You can leave me out of that, thanks. Continuity of community, values, religion, and language are important and it is perfectly reasonable for agencies to specialize in those areas.

      Reply
    • posted by Tom Scharbach on

      The government is not permitted to conform its actions to the teaching of a particular religion, and an adoption agency, paid by the government and acting as an agent of the government, performing acts of, by and for the government, should not be permitted to do so, either.

      Reply
    • posted by Tom Scharbach on

      I think it would be best to have some sort of risk assessment study about what the effects of restrictive legislation could be.

      Good God. The “risk assessment” studies are in and have been for years, with the reputable studies showing that kids raised by gay/lesbian couples have outcomes as good as those raised by straight couples.

      Even David Blankenhorn, the fallen darling of the “for the good of the children” crowd, has dropped that old saw, even though he clung to it with his dead, cold bigot hands until a court proceeding forced the truth out of him.

      You can try to put lipstick all over this pig, Jorge, but you aren’t going to be able to eliminate the oink.

      You can leave me out of that, thanks.

      No problem. I’m well aware that whenever discrimination against gays and lesbians comes within three miles of racial discrimination, conservatives run away faster than the rabbits of Shiloh. But don’t expect me to stop raising the issue, though, because it is on point.

      Reply
    • posted by David Bauler on

      Again. IF the religious exemption didnt just apply to gays and lesbians, it could be argued that a religious exemption has a place.

      When you only apply the exemption to sexual orientation [probably not even heterosexuals] you are not defending the First Amendment.

      Reply
  4. posted by Lori Heine on

    Have we actually bothered to ask real transgenders what they think about this? Have we actually bothered to ask real gays or lesbians (off the leftist plantation) what we think about it?

    The answer, of course, is–not a bit surprisingly–no.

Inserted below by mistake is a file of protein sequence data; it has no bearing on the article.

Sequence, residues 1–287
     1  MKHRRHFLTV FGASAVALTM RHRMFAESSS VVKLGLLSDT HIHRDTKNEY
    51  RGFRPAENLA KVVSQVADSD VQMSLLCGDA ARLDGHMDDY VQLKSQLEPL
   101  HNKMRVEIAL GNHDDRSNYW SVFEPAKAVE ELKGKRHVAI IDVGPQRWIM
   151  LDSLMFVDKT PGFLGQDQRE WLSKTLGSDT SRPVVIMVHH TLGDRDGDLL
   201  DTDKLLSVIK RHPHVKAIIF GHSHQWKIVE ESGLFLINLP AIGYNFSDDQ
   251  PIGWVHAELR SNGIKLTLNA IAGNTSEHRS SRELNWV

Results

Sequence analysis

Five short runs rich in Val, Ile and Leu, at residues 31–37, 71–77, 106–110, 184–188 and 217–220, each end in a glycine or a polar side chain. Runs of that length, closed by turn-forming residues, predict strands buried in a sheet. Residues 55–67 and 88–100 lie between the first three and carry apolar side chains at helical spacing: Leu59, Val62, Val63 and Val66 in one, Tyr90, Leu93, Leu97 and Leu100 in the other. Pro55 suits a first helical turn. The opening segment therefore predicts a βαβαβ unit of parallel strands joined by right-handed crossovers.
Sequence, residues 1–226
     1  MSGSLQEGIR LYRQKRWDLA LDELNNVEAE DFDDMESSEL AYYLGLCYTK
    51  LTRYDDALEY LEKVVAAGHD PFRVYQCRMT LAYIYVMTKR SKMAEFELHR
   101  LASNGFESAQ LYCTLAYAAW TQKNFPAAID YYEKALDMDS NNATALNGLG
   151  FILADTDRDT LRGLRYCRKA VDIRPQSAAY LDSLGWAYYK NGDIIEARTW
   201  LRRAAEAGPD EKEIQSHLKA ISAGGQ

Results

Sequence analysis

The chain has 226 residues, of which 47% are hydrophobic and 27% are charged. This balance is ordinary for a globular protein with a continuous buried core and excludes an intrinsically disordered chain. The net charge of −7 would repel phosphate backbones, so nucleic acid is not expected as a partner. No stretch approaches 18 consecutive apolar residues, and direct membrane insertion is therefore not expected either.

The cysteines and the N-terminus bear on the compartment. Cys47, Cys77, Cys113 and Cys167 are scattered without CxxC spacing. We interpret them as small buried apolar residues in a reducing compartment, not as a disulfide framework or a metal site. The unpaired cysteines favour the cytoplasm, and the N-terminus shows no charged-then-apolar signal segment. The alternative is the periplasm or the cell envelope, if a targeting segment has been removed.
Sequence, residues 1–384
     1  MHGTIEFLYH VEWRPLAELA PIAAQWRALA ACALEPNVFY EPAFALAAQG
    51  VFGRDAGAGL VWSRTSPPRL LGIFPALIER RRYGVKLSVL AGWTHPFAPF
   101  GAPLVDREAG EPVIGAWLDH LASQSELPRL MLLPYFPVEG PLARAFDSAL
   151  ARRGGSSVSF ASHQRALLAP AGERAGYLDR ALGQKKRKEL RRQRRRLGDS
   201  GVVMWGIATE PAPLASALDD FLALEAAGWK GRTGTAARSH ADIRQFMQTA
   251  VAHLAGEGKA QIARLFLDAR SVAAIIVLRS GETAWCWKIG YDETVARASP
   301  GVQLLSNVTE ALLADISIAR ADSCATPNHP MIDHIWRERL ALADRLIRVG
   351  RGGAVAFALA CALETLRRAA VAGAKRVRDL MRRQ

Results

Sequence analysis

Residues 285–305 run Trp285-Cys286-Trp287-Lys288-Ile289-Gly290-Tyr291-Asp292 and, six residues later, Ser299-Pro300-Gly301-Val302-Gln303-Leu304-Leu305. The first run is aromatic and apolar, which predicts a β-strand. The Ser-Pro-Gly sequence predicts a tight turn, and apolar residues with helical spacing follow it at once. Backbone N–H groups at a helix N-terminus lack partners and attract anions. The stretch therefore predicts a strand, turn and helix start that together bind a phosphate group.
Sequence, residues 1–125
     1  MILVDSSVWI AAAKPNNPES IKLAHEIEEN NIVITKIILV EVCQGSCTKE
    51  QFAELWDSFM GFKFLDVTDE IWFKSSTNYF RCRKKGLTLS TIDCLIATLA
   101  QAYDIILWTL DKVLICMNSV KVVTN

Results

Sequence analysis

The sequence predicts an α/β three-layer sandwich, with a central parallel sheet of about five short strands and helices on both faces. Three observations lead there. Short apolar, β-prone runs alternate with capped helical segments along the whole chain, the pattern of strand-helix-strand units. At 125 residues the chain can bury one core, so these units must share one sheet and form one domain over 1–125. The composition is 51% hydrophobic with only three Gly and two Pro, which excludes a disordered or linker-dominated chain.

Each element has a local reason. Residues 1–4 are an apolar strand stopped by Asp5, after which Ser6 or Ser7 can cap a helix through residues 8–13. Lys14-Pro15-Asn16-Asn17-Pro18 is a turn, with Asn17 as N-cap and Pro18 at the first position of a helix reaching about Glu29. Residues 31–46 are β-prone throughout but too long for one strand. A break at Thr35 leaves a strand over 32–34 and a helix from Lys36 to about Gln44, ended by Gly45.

That’s because the liars and frauds perpetuating this crap really don’t want an answer.

    Reply
  5. posted by Lori Heine on

    Tonight I am attending, again, the wedding of longtime male friends. Again, there will be cake. And again, they will have been baked by people totally willing to make them.

    Why? Because we are real people, living in the real world, instead of in a politically-manipulated fricking comic book.

    Political writers who deliberately attempt to make the world look different than it really is are liars. Period. it is possible to write politically and tell the truth. What a concept.

    Reply
  6. posted by Tom Scharbach on

    Have we actually bothered to ask real gays or lesbians (off the leftist plantation) what we think about it?

    So what do you think about it?

    Whatever you think, it is probably irrelevant. Canada is a distinct cultural, legal and political environment. Folks from the States too often butt their nose in without any real understanding of Canada. Makes us look like fools, for the most part, in the eyes of Canadians.

    Reply
    • posted by Lori Heine on

      I defer to friends who actually are transgender. Mine all happen–as improbable as it may seem–to be either conservative or libertarian. They are few in number, and I don’t claim they are a scientific study of the issue.

      All, however, are pissed off and fed up with the alphabet-soup Left. They feel they’re being lied to and exploited. They’ve done the hard work of actually making a biological and chemical transition, and a bunch of kids who are willing to do neither are going through a trendy phase and claiming the same status.

      I can’t speak for them, either as an American or as a human being, because I have always been completely happy with my birth sex. But I respect them enough not to pretend they don’t exist.

      Reply
  7. posted by David Bauler on

    Can an adoption agency – in the example- refuse on religious grounds for reasons other then sexual orientation? Race? Religion? Ethnicity? If not, dont tell me that its about religious liberty?

    As for spa services; they dont normally offer a specific service for people with a penis. Cis or trans men are not discriminated against, unless the policy only applied to certain people with penises.

    Heck, it sounds like the service could be provided, but it would need to happen when their was available staff.

    This is not want most trans folk are worried about.

    Reply
  8. posted by Lori Heine on

    At the most recent reception, I took too many frosting roses. I was getting a sugar headache, but I didn’t want to waste food. So I went over to a table in which there were nothing but men, and I–quite innocently–asked if anybody wanted my flower.

    It turns out that this was quite hilarious. “Are you saying you want to deflower us?” one man asked. Another said, “Honey, you’ve come to the wrong table.”

    Not a great idea, as it turns out.

    Reply
  9. posted by JohnInCA on

    Out of idle curiosity, under current non-discrimination law in the states that includes sex as a protected class, can such a spa refuse men and/or women?

    That said, and this is as someone that’s never gone to a spa for any kind of wax treatment, aren’t such things usually by appointment? Doesn’t seem like a walk-in service.

    Reply
  10. posted by David Bauler on

    The article seems to imply that wax treatments for people with male genitalia are rarely requested, but the business would schedule it, it just wasn’t a ‘walk in’ thing.

    So, the customer didnt want to have to wait.

    Reply